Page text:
Following Sanders’ announcement, former president Barack Obama delivered his own encomium to Joe Biden, stressing the candidate’s personal qualities, including his stability and grace under pressure, and his strength of character. Obama had heretofore kept out of the race publicly, preferring to let the would-be nominees duke it out on their own, but with Sanders out of the race, it was much easier to step up for the man whom he had made his running mate back in 2008. Biden’s hat trick was then complete when Massachusetts Senator Elizabeth Warren, also a previous challenger for the nomination, came forward with an equally gracious endorsement of Biden.
This has cleared the way for Democrats to train all their rhetoric on the president, rather than each other. Key among such targets would be Donald Trump’s now-obvious inability to govern, the calamitous handling of the Covid-19 emergency, the fights large and small with allies and neighbouring nations, the embarrassing personal subservience to Russia and Vladimir Putin, and the increasingly embarrassing behaviour the president displays before the entire world, almost nightly, in his Covid-19 media conferences.
The only problem with this picture, of course, was that two of the most visible failures of the president, his mishandling of Covid-19 and the ensuing economic collapse, have almost totally captured the news and attention of the country. With the various versions of the shutdown of the US, there is no way to host any rallies, organise any big public engagements, or to do the meet-and-greets Biden is really good at.
As a result, the would-be nominee is now something of a fifth wheel in the nation’s political conversation as Democratic governors such as New York’s Andrew Cuomo and California’s Gavin Newsom, among others, have been leading the charge to manage the nation’s dealings with Covid-19, in the face of the confused welter of voices coming from within Donald Trump himself on any given day.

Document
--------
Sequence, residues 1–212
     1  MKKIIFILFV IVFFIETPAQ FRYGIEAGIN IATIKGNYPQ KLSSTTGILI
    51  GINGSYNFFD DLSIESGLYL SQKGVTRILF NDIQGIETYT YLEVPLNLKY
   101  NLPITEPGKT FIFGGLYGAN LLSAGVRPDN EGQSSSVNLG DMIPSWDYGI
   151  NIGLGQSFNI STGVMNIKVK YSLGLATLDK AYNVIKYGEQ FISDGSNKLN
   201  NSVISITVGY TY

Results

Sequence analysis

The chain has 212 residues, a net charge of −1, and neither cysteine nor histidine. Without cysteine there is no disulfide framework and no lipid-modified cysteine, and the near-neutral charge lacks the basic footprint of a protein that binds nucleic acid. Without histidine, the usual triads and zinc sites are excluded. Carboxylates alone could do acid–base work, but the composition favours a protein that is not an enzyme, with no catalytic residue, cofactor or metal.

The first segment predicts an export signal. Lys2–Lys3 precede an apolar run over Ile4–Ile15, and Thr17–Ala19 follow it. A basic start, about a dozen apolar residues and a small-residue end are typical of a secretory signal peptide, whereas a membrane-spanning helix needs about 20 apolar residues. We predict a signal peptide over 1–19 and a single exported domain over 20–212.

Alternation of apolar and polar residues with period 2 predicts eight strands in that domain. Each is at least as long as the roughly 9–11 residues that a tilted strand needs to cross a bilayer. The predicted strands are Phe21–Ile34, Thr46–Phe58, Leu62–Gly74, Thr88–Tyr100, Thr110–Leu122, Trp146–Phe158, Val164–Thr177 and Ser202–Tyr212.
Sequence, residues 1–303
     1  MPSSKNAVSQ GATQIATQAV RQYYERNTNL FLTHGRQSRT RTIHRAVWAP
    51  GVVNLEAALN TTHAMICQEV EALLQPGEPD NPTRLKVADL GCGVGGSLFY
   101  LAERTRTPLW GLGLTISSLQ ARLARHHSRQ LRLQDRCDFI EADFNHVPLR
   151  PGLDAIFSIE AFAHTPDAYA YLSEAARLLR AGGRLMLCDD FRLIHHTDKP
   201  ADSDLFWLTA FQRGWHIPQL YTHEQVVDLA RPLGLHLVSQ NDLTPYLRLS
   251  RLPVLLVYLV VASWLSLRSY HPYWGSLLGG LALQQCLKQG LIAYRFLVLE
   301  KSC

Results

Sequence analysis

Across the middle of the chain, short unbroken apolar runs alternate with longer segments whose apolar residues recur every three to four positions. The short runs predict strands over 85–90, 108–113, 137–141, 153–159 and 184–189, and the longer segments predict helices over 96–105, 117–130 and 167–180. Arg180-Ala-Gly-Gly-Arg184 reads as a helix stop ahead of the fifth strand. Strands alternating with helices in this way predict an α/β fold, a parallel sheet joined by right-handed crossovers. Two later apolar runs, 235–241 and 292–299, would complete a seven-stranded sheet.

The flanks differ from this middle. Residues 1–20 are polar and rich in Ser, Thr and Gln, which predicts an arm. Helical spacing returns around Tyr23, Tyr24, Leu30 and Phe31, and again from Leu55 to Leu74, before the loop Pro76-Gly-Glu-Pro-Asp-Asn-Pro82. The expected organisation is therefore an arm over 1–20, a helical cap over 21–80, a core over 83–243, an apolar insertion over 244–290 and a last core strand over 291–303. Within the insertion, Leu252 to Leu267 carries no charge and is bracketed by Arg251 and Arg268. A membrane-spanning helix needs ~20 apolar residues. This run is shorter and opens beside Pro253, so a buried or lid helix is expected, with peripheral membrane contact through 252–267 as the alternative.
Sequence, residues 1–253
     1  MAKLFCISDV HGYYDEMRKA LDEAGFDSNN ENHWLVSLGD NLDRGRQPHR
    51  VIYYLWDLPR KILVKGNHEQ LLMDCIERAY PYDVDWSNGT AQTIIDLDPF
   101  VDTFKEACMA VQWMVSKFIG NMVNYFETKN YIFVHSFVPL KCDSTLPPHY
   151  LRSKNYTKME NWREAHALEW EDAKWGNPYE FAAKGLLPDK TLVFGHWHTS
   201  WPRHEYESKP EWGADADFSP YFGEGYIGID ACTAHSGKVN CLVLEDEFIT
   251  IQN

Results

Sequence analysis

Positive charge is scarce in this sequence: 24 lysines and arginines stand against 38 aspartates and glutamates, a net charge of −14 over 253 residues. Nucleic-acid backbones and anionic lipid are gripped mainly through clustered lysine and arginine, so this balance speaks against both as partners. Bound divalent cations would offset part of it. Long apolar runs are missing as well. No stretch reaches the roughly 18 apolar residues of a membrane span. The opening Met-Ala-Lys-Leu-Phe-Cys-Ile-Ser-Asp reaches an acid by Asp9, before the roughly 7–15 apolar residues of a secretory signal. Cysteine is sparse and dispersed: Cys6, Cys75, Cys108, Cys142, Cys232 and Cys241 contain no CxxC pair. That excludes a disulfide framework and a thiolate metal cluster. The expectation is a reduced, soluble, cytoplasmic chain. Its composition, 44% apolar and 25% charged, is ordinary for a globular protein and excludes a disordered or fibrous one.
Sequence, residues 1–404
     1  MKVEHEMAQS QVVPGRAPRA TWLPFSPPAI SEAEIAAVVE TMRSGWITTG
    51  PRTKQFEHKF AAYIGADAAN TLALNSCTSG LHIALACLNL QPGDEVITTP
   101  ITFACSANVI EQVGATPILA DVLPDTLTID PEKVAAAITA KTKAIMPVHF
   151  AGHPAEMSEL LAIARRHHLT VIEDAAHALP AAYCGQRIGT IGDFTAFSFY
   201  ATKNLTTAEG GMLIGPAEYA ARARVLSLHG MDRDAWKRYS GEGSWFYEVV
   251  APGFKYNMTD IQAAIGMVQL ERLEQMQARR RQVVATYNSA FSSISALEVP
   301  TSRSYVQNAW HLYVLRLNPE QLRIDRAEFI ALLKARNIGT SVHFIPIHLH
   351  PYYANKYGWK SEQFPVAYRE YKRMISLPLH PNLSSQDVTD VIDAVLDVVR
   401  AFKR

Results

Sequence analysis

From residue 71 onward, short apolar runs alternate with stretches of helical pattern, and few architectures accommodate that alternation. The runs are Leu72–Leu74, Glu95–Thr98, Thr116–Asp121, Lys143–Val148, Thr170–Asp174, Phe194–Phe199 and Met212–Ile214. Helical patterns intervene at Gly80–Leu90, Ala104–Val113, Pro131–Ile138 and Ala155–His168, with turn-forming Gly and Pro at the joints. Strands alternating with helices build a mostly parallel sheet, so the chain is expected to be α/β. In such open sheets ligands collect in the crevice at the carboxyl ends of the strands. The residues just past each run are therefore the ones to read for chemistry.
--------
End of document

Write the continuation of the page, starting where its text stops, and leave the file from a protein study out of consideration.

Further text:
Cuomo, in particular, in his daily media conferences, has delivered a message that is fact-filled, highly engaged, emotionally warm, and, above all, unstintingly honest. Cuomo’s media conference has been so strong that the White House changed their own start time for their media engagements so as not to be seen competing with Cuomo.
But this has meant that Biden has, so far, had no easy way to join the conversation, given the fact that he has no actual executive role to carry out from his ad hoc television studio in the basement of his Wilmington, Delaware home. The very real challenge for Biden and his aides, advisers and supporters is to figure out a way to put him into the national dialogue about Covid-19 and the shattered economic landscape, without trampling over the voices of the party’s governors or making the discussion over policy even more chaotic than it already is.
In theory, any incumbent president presiding over a national epidemic that has now killed the equivalent of half the number of US soldiers who died during the entire run of the Vietnam War, in just four months; and whose economic record now reflects more than 22 million people applying for unemployment compensation (the US equivalent to the UIF in South Africa), the disappearance of millions of jobs, and the possibility that overall unemployment is already heading towards levels that recall the Great Depression should be ridiculously easy to defeat at the polls.
Think the defeats of Herbert Hoover, for example, in 1932; or even George HW Bush in 1992 to a lesser degree. But Trump’s hold over his core supporters seems to transcend actual facts and circumstances, reaching into some deep part of their subconsciousness where Trump’s illusion of reality matters more than what is actually happening in the world. Still, the polling is beginning to show growing disapproval with the way the government is handling the virus and the economy and some early national polls show a real shift towards Biden.
But the Biden and Democratic Party forces will need to shape their message carefully so as not to allow the incumbent president to shift the blame for this mess on to his expanding list of antagonists: the media, China, the World Health Organisation, Democratic governors, supporters of vote by mail, those scientists and doctors who hate the economy, Nancy Pelosi and Charles Schumer in Congress, and anybody else he can name. This is going to be one messy, unpleasant election campaign, even as it sets new rules for how it is even carried out. DM